In a regular series, Land of Dope and Tories is reviewing publications from the weird and wonderful world of specialist magazines. This week: Obstacle Race.
Tagline: ‘The No.1 magazine for obstacle course racing’
Who is this magazine for? For some people, plain old running simply isn’t futile or difficult enough. The grim squirt of endorphins garnered from making a trip from A to B under their own steam – one that could just as easily have been made in a comfy, air-conditioned car – lacks the necessary zest.
Anyone can run, they think. I am an elite being. My Match.com profile describes me as gritty, determined, wastin’ no time for time wasters. I use exclamation marks a lot, but wouldn’t recognise an actual joke if it bit me firmly on the arse. My friends have long since tired of my overbearing will to win and craven need for attention. But I need something more, something that helps me to fight this inexplicable emptiness I feel in my heart.
I need obstacles I can smash through, to conquer. And, so help me God, I need lycra.
What did you get for your £4.95? For me at least, the biggest obstacle to overcome was the price tag. Five quid for fewer than 100 pages is a tough sell, particularly when 2% of that is invested on a profile of ‘Mr Awesomeness’. For that kind of money, I want something I can treasure for a number of years and consider naming in bequests for when I pass away.
I did not get this.
The mag follows a pretty traditional formula: features (about obstacle races), reviews (of obstacle races), adverts (for obstacle race stuff) and regulars (yes).
I was always going to struggle with Obstacle Race because I find the whole idea of purposeless running morally dubious and carcinogenic. But there were two things that stood out as especially annoying.
The first is the type of obstacles the mag talks about. When I was at nursery school, an obstacle race meant crawling through a hoop, walking along a thin bench, and possibly putting on an unusual hat and skirt combination that smelled vaguely of mothballs. Good, honest English surrealism, but also things that required at least some peripheral brain power to negotiate. Pain was a possibility, but not the object of the race.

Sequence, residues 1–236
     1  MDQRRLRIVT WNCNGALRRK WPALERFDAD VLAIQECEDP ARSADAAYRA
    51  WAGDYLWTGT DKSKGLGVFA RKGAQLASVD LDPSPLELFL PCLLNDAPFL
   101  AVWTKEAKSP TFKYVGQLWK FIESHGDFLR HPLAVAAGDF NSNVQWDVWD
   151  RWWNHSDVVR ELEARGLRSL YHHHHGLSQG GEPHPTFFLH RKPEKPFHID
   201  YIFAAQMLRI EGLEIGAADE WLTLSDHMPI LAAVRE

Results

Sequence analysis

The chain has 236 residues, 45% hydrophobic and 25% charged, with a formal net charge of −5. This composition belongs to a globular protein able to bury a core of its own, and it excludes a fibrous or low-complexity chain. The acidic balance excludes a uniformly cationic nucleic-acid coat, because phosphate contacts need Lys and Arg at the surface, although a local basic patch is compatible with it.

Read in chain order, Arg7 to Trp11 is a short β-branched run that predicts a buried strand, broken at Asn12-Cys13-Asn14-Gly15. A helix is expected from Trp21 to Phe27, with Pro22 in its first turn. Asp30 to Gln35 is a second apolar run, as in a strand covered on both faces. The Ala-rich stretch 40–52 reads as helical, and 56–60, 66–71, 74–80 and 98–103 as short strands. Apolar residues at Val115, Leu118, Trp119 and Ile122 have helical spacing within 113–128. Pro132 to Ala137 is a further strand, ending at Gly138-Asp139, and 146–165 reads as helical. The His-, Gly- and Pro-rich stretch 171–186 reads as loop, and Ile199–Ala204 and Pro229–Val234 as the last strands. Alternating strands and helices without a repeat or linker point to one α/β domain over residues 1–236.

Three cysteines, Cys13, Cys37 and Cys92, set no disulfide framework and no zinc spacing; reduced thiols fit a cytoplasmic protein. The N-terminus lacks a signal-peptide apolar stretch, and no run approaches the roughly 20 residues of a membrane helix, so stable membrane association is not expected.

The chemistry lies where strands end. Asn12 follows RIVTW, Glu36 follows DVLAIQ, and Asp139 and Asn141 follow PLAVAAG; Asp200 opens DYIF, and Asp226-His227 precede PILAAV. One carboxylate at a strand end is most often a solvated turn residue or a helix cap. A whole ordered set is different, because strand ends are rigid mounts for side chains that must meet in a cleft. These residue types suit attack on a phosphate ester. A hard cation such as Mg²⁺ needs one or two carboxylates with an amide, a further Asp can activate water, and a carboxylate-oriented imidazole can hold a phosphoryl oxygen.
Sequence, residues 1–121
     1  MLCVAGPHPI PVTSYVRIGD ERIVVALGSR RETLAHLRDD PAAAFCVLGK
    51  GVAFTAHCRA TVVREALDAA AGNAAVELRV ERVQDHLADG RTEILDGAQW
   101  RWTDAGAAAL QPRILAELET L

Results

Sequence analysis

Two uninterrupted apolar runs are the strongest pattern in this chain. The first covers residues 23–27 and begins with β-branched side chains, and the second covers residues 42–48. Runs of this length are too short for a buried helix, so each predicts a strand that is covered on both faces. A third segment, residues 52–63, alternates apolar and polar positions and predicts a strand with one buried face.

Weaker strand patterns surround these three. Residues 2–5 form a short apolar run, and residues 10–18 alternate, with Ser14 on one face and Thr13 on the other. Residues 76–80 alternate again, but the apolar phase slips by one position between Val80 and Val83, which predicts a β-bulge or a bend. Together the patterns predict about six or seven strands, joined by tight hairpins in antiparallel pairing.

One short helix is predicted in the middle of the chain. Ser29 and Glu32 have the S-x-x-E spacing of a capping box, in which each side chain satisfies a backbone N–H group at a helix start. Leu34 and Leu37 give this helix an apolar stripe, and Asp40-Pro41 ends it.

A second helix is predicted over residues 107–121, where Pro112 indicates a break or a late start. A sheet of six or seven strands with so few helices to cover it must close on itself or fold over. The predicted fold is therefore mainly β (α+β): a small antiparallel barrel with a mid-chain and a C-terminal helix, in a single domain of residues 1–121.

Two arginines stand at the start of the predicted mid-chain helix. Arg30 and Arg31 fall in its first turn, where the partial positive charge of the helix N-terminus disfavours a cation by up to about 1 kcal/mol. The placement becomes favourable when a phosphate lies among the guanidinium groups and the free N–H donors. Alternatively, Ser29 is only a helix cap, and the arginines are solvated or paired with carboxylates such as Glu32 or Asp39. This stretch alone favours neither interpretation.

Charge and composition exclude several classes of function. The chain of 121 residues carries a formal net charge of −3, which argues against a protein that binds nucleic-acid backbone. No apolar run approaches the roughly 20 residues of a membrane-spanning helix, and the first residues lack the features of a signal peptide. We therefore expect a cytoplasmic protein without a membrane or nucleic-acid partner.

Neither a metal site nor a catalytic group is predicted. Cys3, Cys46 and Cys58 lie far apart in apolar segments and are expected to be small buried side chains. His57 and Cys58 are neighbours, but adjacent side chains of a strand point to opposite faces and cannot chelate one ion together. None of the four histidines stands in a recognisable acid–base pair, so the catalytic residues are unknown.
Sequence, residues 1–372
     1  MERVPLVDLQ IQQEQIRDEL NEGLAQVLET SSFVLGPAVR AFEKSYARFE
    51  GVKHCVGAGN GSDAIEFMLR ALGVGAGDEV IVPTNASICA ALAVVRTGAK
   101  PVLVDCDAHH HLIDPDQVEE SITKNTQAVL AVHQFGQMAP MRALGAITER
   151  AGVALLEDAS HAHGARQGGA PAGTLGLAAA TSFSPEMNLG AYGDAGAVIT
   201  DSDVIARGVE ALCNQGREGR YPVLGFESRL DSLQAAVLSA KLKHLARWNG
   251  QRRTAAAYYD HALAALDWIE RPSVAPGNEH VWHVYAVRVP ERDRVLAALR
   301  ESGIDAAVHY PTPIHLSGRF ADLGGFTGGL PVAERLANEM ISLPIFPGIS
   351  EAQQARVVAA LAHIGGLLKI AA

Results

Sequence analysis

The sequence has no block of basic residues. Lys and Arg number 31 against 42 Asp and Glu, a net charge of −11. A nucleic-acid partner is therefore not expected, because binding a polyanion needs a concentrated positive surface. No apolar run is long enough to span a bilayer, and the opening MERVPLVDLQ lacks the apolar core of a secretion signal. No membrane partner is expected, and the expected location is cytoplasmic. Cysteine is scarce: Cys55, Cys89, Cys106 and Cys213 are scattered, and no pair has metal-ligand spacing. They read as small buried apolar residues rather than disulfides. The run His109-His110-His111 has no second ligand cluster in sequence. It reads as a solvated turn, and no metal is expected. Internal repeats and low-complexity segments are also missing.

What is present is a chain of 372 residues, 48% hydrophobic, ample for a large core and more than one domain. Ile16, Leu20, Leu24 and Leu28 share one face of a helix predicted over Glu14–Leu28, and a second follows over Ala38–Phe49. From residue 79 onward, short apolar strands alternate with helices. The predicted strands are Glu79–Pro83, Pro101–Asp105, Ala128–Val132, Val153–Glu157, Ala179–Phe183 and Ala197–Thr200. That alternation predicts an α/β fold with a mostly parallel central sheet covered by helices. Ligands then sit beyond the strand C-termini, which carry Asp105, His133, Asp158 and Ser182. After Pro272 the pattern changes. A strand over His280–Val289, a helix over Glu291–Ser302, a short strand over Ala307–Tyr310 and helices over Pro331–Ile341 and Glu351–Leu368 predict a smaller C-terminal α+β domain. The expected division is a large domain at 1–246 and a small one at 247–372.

In this adult version, the obstacles are basically mud, walls and the dark. Thinking is not required, beef-witted determinism is. If it doesn’t hurt, you’ve done it wrong. Whereas the kids races would be won by the wiliest and speediest, the ideal adult candidate is nerveless chunk of pork animated by electrodes. One of the reviewed races has a paintball zone in it. It’s only a matter of time before they start using a Gatling gun.
The second irritating thing is the tone. There’s an awful lot of ‘visualising your goals’ and ‘man up your mind-set’ (From a woman! You go girl) management guffpap going on. Combined with nonsense like ‘really muddy mud’, ‘absolute top quality’ and ‘to my surprise, I could air squat pretty well’, and the net result is the deadening feeling of being lectured at by a Commonwealth bronze medallist turned C-list motivational speaker.
Good subbing should cut the number of words on offer by at least a third, but in swapping defiantly for definitely, sweet potato for a side order of Sweet Potato and having a pretty loose grip on commas throughout, the subs have got other things to worry about. Your Chickens wouldn’t have put up with this shit.
Features: There are four race reviews in the third edition of Obstacle Race, but they all essentially follow the same pattern:
- I got up very early.
- The race started.
- There was some mud.
- There was some water.
- I finished.
This leaves precious little scope for comedy, or interest, so I propose we move on.
Adverts: There are amazingly few adverts in Obstacle Race, which explains both the price and excess of content. The handful that have squeezed in are for races (including one called ‘The Suffering’ – sign me up), shoes and the forum ‘Talk Mud‘, which I assume is a safe online space for the discussion of obstacle-based foreplay.
Letters page: Obstacle Course has imposed a 100 word limit on letter submissions. So to be generous to the writers, I’m going to put the fact that their contributions would shame a nine-year old down to that.
Certainly no sense of community argument here. Which is a shame, because I for one would like the lid to be busted off that ‘barbed wire vs chicken wire’ obstacle tunnel debate.
Lots of people who run obstacle races do it for charity, and that’s lovely.
But that doesn’t prevent the sport, nor the magazine that celebrates it, from being painfully dull. Duller than keeping chickens. Duller than shooting birds.
Don’t make me read it again.
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